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Phasers To Stun: Ancient Galaxy

Being away means that I’m enormously behind on the indie game situation. There’s about half a dozen open tabs plus e-mails marked as IMPORTANT for me to investigate. I’ll be catching up as well as I can, but the first thing I took a look at was Ancient Galaxy. And it’s… interesting. My mental note-pad is covered with scrawlings like “Outcast”, “Early Tomb Raider”, “Quasi-Star Trek”, “System Shock” and lots of other similarly intriguing things. It’s basically an oddly late-90s feeling action/adventure – in that it swaps elegance for piling on ideas and mechanisms. It’s a very PC action/adventure, in other words. The shareware version can be got here, and there’s some more thoughts from my quick play beneath the cut…

You play a Star-Trek-esque officer, exploring an alien ruins, before uncovering Dark Secrets ™. The most noticeable initial feature is the game’s unique take on dual-wielding. Not totting two shotguns – but packing a gun in the left while you carry a proper scanning device in your right. So you alternate between poking thing with the scanning device, and opening up on the enemies. Other systems are quickly introduced – there’s a role-playing game system, where you’re able to upgrade your characters’ abilities. You can collect weapons, dismantle them aboard your space-ship, and then re-construct them. And upgrade them – if you’ve collected enough scrap metal (either by mining veins with the scanner or just taking apart whatever unwanted trinkets you’ve found) to afford the costs. There’s also crystals, which provide more oblique abilities, and can be similarly broken apart.

But most impressive of all is the cloning mechanism. If you scan fallen enemies, you can collect their DNA. Get enough, and you can use the cloning device aboard your ship to transform your consciousness into an alien body, with all its abilities. Apparently the full game has nine aliens for you to try out. I have no idea what abilities being a big lizard allowed me, but frankly, I was happy just stomping around with my special agreeable tail. The cloning device is also how the game deals with death, re-constructing yourself aboard the ship when you get blasted by those darn lizards. Your best equipment and anything you found is still on your corpse, requiring you to get close and scan it to get it all back. At least in the early parts of the game I played, this isn’t too painful – you get dropped at a checkpoint on the planet relatively nearby, plus you’re able to manufacture a lot of your basic equipment for free. The obvious comparison would be a corpse run in an MMO if it wasn’t for negative connotations of the phrase. When enemies aren’t respawning and the distance is small, it’s hardly the same.

Problems? Well, combat isn’t exactly hyper-slick. Despite the relatively lacking aesthetics compared to a modern commercial release, frame rate wasn’t exactly sterling on my moderate system. Voice-acting near the start is of the quality which gets RPS podcast threads full of people complaining about noise compression or demanding microphones or saying Alec and I have annoying voices. The game’s story is primarily told through the retro-text pop ups. It’s a little unfair – it’s in that odd position of being an indie game which looks enough like a mainstream game to be judged against it and found lacking. With the resolution turned up, I found the lighting and landscapes of the game quite seductively alien – their softness seemed to recall Outcast most of all.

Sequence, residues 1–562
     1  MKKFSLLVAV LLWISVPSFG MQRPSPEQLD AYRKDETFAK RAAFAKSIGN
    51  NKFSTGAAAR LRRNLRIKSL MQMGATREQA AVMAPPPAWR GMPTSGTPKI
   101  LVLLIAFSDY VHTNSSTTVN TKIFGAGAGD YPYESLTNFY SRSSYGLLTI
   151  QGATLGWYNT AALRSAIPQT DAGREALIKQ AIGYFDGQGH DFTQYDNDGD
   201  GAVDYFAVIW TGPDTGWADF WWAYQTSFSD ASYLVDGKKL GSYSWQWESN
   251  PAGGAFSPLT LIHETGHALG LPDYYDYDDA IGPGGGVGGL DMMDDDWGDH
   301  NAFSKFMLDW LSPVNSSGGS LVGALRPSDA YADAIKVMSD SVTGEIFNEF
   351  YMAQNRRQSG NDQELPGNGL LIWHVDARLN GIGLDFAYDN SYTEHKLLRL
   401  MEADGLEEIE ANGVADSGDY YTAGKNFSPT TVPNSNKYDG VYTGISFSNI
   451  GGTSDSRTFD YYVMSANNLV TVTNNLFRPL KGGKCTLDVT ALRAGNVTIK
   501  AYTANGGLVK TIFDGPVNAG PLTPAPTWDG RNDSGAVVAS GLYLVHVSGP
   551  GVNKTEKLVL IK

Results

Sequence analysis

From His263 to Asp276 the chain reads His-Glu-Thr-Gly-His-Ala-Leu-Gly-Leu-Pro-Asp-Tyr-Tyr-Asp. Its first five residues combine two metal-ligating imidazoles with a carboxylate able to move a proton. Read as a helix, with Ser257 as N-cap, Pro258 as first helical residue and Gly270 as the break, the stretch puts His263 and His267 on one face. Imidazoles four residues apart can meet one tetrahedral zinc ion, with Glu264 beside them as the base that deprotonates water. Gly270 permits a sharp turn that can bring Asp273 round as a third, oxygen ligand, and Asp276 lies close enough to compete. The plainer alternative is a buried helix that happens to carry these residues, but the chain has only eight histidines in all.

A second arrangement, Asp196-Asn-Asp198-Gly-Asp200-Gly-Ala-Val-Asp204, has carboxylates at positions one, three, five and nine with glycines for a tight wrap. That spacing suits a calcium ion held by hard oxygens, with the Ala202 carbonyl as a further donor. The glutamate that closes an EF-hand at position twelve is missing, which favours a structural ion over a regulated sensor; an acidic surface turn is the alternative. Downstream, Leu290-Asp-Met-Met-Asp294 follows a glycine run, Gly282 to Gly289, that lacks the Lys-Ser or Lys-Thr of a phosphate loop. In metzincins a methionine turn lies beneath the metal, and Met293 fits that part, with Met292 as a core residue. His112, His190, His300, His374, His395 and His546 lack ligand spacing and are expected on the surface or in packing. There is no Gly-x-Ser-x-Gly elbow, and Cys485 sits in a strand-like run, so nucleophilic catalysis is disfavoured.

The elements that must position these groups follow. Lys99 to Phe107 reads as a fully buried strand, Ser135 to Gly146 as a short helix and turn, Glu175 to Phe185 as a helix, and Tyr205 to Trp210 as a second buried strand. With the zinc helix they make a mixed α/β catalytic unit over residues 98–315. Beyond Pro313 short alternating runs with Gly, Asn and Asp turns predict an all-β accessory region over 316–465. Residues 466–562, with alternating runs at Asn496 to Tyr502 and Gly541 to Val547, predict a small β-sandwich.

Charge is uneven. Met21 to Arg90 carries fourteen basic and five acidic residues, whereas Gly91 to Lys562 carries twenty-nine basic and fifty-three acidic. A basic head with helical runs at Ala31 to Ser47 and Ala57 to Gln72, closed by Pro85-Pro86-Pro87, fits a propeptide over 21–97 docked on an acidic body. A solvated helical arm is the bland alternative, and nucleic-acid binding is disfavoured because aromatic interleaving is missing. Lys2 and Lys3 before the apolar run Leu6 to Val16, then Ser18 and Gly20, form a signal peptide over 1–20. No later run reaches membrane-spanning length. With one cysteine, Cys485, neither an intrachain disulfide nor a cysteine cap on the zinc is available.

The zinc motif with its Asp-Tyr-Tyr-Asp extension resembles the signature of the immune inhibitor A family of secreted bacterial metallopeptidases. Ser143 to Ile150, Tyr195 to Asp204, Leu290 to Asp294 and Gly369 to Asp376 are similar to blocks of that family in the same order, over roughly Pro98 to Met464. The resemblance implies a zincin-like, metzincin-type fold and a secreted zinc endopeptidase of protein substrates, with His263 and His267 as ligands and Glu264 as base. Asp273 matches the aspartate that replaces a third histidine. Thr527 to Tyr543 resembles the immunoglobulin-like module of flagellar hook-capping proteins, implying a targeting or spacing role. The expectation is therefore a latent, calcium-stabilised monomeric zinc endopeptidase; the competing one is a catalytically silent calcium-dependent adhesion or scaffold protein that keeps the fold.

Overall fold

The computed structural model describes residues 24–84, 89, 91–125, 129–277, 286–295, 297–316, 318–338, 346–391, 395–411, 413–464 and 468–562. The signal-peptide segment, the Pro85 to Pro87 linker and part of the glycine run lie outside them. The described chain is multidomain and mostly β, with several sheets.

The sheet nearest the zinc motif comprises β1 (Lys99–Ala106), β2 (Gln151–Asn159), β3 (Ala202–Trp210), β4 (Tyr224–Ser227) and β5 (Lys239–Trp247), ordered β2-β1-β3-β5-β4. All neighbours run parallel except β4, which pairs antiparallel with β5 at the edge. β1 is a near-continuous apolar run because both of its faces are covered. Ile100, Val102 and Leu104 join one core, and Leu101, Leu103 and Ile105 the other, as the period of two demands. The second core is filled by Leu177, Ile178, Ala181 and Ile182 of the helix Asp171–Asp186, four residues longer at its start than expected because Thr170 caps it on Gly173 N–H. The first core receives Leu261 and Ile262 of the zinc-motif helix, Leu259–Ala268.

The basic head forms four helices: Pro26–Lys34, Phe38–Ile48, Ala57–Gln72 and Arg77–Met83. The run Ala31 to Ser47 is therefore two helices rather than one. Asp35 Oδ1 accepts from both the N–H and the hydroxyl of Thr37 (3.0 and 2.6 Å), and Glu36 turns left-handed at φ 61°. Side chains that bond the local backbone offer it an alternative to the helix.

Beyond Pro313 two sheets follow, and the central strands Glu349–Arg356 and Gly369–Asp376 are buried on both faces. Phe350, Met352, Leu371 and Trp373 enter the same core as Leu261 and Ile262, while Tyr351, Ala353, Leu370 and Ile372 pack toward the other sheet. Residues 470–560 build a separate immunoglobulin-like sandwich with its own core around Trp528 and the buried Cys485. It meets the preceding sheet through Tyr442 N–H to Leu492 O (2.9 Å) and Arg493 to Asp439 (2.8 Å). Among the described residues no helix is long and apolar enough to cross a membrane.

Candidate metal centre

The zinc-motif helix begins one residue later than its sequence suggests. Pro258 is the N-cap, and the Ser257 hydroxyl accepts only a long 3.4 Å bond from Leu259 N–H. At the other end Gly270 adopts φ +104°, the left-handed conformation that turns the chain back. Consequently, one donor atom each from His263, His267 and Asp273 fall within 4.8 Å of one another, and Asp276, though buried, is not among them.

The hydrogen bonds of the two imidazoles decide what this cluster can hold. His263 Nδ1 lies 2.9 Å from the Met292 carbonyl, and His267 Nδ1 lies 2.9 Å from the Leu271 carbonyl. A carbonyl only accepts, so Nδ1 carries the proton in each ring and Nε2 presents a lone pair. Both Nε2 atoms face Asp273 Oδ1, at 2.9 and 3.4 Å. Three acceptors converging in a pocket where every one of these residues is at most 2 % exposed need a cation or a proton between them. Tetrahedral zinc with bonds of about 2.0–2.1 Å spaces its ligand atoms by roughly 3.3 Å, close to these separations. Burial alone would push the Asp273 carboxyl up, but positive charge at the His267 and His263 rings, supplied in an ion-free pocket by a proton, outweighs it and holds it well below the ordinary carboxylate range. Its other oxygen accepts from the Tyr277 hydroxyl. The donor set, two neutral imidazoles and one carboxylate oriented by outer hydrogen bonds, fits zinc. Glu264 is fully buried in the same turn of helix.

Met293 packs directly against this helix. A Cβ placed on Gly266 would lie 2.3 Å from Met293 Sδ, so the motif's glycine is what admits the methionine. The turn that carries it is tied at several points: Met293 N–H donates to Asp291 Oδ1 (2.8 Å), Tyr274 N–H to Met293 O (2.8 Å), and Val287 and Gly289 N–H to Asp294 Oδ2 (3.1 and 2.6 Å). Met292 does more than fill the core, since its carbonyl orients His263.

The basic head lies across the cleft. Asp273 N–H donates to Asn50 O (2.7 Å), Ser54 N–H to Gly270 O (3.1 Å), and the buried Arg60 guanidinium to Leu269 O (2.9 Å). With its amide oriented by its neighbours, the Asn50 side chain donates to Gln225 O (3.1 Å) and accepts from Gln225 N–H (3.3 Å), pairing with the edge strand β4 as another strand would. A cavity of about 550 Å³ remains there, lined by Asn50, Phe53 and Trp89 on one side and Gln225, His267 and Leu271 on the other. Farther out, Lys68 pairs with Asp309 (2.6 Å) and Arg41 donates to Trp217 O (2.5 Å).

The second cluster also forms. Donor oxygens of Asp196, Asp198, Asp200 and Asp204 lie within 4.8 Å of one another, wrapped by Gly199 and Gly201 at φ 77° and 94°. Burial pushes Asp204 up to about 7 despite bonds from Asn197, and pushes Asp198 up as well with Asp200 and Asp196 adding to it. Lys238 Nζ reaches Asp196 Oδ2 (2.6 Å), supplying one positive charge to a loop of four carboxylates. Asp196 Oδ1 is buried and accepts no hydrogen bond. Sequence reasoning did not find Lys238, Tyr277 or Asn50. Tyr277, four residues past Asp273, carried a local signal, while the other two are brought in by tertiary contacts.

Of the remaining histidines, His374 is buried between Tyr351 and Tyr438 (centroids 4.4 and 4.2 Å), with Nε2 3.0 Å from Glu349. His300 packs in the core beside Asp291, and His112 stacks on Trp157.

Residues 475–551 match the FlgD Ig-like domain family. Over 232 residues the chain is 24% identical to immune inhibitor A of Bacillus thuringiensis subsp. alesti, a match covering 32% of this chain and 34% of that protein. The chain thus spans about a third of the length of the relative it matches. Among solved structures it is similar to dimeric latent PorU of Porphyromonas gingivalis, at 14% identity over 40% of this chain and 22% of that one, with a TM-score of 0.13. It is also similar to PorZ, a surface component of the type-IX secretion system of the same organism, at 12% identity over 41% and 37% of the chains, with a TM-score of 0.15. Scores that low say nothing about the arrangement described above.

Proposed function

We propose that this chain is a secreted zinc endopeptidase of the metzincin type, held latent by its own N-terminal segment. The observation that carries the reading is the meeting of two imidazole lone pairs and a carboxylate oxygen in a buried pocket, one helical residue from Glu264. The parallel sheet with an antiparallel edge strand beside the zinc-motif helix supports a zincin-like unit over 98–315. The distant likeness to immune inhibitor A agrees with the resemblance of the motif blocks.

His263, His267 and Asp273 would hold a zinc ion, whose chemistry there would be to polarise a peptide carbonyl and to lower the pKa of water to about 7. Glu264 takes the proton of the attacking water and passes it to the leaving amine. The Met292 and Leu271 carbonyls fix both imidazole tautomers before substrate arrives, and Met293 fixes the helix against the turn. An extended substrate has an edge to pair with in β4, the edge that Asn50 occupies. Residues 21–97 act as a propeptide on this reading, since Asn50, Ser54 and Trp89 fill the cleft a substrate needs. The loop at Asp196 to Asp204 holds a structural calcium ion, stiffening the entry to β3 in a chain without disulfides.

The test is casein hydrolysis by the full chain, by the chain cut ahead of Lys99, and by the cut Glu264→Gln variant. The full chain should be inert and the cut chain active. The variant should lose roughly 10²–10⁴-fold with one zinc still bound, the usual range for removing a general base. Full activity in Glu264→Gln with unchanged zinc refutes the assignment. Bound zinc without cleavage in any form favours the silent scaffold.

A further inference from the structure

Me? I found myself working through it due to its undeniable sense of vision. The combat may not be great, but the exploration was the key for me. It’s a game which while not free-roaming or anything like that, is open enough to make exploration feel like the point. And I especially liked how it dealt with the traps, forcing you to actually pay attention. The Indiana Jones-qeue rolling balls which were dropped towards me worked well with the real-physics too – the first missed me because I was just running too quickly, which added vesimilitude to what was a scripted sequence. That is, there was an alien waiting with a trap… but it was a trap which the alien fucked up. As such, the whole thing feels credible, or at least human (as opposed to the cinematic-perfect way most mainstream games would take). And the quick thinking on a later one where I switched to my rocketlauncher and used it to send the threat bouncing off the cliff was cute real physics.

The full game features 20 levels and four character classes, promising a lot of exploration – and its just over ten quid. If you’re willing to see through the indie-finish, it’s an interesting, slow paced and agreeably modernist-retro arcade adventure. I’d say it was worth a look.

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Kieron Gillen

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Kieron Gillen is robo-crazy.

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